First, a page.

That's it for my pitch. If you are considering purchasing, the sale ends on May 4th. (May! It's almost May!!)
To see a complete list of everything offered in this sale (including all the bonus materials), FAQ's, and to learn more about how to download these books to your e-reader click here.
It all started in January with our weekly French lessons. Céline and I left the house every Saturday afternoon, driving to a nearby community where our course was offered.
We were gone all afternoon and Damien felt antsy stuck at home with the younger two and no vehicle (we are a one car family, as we always have been).
After our first or second week of this Damien said, "we're coming to town when you go to French." There's not a lot of places to go in town on a Saturday afternoon in winter. But there is a cafe. And a swimming pool. And so a new routine was born.
On Saturday afternoon we'd all leave the house together. Damien would drop Céline and I off at our French class and then he and the kids would go to the swimming pool, and after that, the cafe. Then they'd pick us up when our class ended, late in the afternoon.
When our first semester of French was over, mid-March, the Saturday afternoons in town continued.
Now I'm the one dropping Damien off at the cafe, where he can work in peace for a couple hours. I take the kids swimming - where I sit on the sidelines and do my own computer work - writing, photo editing, household planning stuff.
Then we meet Damien back at the cafe, where the kids and I have our own hot drinks before we head home for the late afternoon and evening.
A nice local swimming pool is a treat. Maine is not known for its fabulous recreation centers. It's known for beaches and camps, woods and mountains. We have that here also, but we also have a local pool. Score.
Last week, I asked Brienne if she would like to ask a friend to join us for Saturday afternoon swimming. "No", she said, "I like swimming with just Laurent and Céline".
As Céline grows up she lives in another world, intellectually and socially, from her siblings. The time my kids spend doing things together is less than it used to be.
When Laurent and Brienne enter young adulthood I suspect my kids' worlds will align once more. But now, it's Céline mostly in one world and the other two still in childhood.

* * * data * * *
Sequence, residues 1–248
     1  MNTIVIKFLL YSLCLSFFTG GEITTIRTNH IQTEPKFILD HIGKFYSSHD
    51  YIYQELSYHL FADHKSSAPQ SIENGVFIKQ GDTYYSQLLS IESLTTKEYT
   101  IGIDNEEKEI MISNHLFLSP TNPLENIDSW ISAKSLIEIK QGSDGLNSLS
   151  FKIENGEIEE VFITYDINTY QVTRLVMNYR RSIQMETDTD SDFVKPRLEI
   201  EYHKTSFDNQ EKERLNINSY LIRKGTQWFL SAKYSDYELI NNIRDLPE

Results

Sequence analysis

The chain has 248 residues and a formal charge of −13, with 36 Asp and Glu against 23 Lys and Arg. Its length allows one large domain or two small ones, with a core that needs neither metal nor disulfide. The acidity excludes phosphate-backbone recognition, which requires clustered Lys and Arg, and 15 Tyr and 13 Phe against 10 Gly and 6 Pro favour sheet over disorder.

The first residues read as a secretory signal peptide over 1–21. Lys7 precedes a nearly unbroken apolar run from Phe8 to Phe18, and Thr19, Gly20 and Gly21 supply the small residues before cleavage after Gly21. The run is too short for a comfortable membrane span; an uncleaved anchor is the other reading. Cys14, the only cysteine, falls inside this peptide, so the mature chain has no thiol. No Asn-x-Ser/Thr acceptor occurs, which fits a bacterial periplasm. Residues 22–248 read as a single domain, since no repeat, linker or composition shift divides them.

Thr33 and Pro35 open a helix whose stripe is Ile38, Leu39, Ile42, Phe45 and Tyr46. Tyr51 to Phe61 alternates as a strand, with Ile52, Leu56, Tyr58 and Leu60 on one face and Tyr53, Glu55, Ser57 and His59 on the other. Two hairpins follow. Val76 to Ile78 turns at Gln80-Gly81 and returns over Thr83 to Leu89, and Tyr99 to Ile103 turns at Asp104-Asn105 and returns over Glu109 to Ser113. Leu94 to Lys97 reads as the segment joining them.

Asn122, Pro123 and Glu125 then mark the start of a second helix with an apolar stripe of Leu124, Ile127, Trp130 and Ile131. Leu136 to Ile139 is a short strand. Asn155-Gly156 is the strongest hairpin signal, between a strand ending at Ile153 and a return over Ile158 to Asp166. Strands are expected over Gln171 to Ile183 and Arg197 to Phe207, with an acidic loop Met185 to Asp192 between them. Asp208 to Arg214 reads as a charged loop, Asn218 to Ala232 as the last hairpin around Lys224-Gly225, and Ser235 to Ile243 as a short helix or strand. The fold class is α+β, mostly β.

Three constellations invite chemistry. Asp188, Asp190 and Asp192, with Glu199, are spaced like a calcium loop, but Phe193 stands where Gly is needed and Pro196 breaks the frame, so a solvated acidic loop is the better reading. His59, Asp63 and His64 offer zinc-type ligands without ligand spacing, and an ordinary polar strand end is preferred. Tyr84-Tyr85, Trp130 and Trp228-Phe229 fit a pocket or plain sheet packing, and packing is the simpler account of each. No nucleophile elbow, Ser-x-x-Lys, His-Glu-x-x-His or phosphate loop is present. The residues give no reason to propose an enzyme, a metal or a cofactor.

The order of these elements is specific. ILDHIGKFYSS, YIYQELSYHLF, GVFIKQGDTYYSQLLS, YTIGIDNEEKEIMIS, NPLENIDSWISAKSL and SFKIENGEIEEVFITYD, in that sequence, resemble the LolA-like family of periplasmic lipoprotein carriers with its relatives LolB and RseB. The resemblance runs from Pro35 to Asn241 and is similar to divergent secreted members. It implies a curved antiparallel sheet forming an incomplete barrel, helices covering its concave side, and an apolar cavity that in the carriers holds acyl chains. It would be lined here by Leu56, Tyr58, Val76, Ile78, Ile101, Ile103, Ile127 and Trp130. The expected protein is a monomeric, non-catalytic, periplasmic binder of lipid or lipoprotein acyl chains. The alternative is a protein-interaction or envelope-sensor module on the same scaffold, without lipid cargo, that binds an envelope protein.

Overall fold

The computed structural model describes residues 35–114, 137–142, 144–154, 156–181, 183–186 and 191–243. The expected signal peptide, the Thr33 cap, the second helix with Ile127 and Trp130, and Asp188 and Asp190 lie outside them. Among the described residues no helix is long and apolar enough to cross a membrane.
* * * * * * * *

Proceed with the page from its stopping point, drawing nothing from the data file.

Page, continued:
But not when they swim. When they swim, or run (or pretty much do any active outdoor pursuit) together, they share the same world. The same activity, a common experience.
This is as important to me as the physical activity itself. These children of mine who have lived nearly 24/7 for their entire lives, still like to be together and enjoy each other's company. I love that.
Yes, they need friends and we are thrilled that Céline especially has started to find her tribe (online mostly). She will be fourteen next month. Friends mean more and more to her and we understand that.
But siblings are first friends. And when you homeschool, your siblings are the peers you spend most of your day with.
Enjoying their company isn't just nice, it's necessary to have peaceful and happy days together. I am thankful my kids share this kind of relationship with each other. And I'm happy to add swimming to our schedule if it helps to foster their friendship.
If you've been reading my blog for a while you'll know that my logo has always been a daisy shaped flower and I've used Rudbeckia as my icon for ages.
Rudbeckia? If you're a non-gardener, Rudbeckia is commonly called Black Eyed Susan or Brown Eyed Susan.
I wrote about my FIMBY flower in this post. I love Rudbeckia. It's both beautiful and not particularly fussy about its growing conditions. (And yes, you can read things into that, about the kind of person I want to be.)
Four years ago or so, at the time I got serious about my blogging intentions, I was a very active gardener and so I gravitated to that flower image as an icon for my blog. It seemed like a good representation for what I wanted to communicate. This was a blog about my back yard (literally and figuratively). And flowers were a big part of my back yard.
Life has changed a bit since then. There are no flowers in my yard, except for the wild daisies that grow along the road.
For this life season, gardening as a hobby and activity has been largely replaced with adventuring. We have adopted a semi-nomadic lifestyle and investing in a garden is no longer an interest of mine given our frequent moving and traveling.